Israel Aerospace Industries looks unlikely to bail out strategic partner Aviation Technology Group (ATG), which last week halted development of the Javelin very light jet after efforts to raise financing failed.
ATG teamed with IAI in 2004 to co-develop the two-seat Javelin as a business jet and a military trainer. At the beginning of 2007 the companies engaged Citigroup to help raise some $200 million to finance certification of the Javelin.
After laying off most of its workforce, the Colorado-based company issued a statement on 18 December saying "it is unlikely that adequate funding can be secured in a timely manner. ATG has therefore decided to halt development of the Javelin at this time."
ATG planned to hold talks with its business partners in the hope of a bail-out, but a senior IAI source told Flight International: "We don't have anything to add to the statement made by ATG."
ATG Javelin timeline
2002 - ATG rolls out Javelin mock-up plans first flight for 2004, service entry for 2005
2004 - selects Albuquerque, NM as final-assembly site teams with IAI to co-develop the Javelin as a business jet and military trainer
2005 - switches to Front Range, CO as final-assembly site reaches 100 deposits flies prototype in September plans first deliveries in 2008
2006 - redesigns wing to cut approach speed redesigns cockpit switches avionics suppliers plans to fly conforming aircraft by late 2008
2007 - engages Citigroup to raise more than $200m to fund certification programme begins layoffs in November halts Javelin development in December
If it fails to find funding to continue operations, ATG will become the latest in a long line of failed general-aviation start-ups. The company unveiled a mock-up of the Javelin in 2002 and flew a proof-of-concept prototype in 2005.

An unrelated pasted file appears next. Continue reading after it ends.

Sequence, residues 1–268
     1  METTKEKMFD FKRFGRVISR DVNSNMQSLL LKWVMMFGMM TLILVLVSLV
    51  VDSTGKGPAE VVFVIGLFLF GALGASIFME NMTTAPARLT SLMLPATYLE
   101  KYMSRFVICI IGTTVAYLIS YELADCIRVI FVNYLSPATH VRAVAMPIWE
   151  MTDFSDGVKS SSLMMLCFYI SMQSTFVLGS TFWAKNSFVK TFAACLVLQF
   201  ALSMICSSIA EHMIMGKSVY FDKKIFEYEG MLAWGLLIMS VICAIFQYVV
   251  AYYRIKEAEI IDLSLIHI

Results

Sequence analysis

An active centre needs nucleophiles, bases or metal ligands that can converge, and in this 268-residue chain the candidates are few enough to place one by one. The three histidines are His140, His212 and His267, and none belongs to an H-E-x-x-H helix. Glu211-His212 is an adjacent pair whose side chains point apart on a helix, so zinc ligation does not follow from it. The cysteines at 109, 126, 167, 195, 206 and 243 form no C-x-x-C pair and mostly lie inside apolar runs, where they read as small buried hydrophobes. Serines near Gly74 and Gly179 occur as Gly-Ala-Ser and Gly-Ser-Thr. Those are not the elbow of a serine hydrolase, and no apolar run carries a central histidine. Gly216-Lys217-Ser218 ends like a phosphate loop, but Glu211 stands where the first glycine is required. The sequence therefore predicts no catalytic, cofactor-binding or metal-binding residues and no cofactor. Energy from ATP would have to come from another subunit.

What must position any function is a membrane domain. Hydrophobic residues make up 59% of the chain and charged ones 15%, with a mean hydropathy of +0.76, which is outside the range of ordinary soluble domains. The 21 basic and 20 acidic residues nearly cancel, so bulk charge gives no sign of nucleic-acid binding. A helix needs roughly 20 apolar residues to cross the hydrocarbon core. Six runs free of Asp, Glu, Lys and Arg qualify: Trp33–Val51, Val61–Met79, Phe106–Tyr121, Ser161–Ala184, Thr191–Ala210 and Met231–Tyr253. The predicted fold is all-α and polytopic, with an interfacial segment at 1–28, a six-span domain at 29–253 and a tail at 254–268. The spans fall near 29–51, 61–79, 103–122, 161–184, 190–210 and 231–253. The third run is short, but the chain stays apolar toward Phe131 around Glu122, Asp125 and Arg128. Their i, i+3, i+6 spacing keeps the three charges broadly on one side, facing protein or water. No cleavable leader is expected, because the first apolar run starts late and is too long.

ATG targeted a narrow sector of the VLJ market - pilots looking for a high-performance aircraft - but hoped to expand its appeal by developing military trainer derivatives jointly with IAI. The company claims to have around 150 deposits.
Several would-be manufacturers have struggled to raise funding, with Avocet, Century, Safire and VisionAire among those that failed. Unrealistic cost estimates, lack of capital and a difficult investment climate doomed several projects.
Others have succeeded in raising needed financing, although the recent credit crisis has made it more difficult to find investors.
Earlier this year Adam Aircraft raised private funding to certificate and produce its A700 VLJ, while Epic Aircraft secured a personal investment from Indian brewery and airline owner Vijay Mallya to help develop a line of light turboprop and jet aircraft.
UK distributor Action Aviation and US private equity firm ACQ Capital announced in September they would take over Sino Swearingen, providing a cash injection to ramp up production of the SJ30 light jet. Action is also a distributor for the Javelin.
One of the more successful fund-raisers, Eclipse Aviation, is also working to arrange new financing after falling far short of its first-year delivery target of some 500 Eclipse 500s because of problems ramping up production of the VLJ.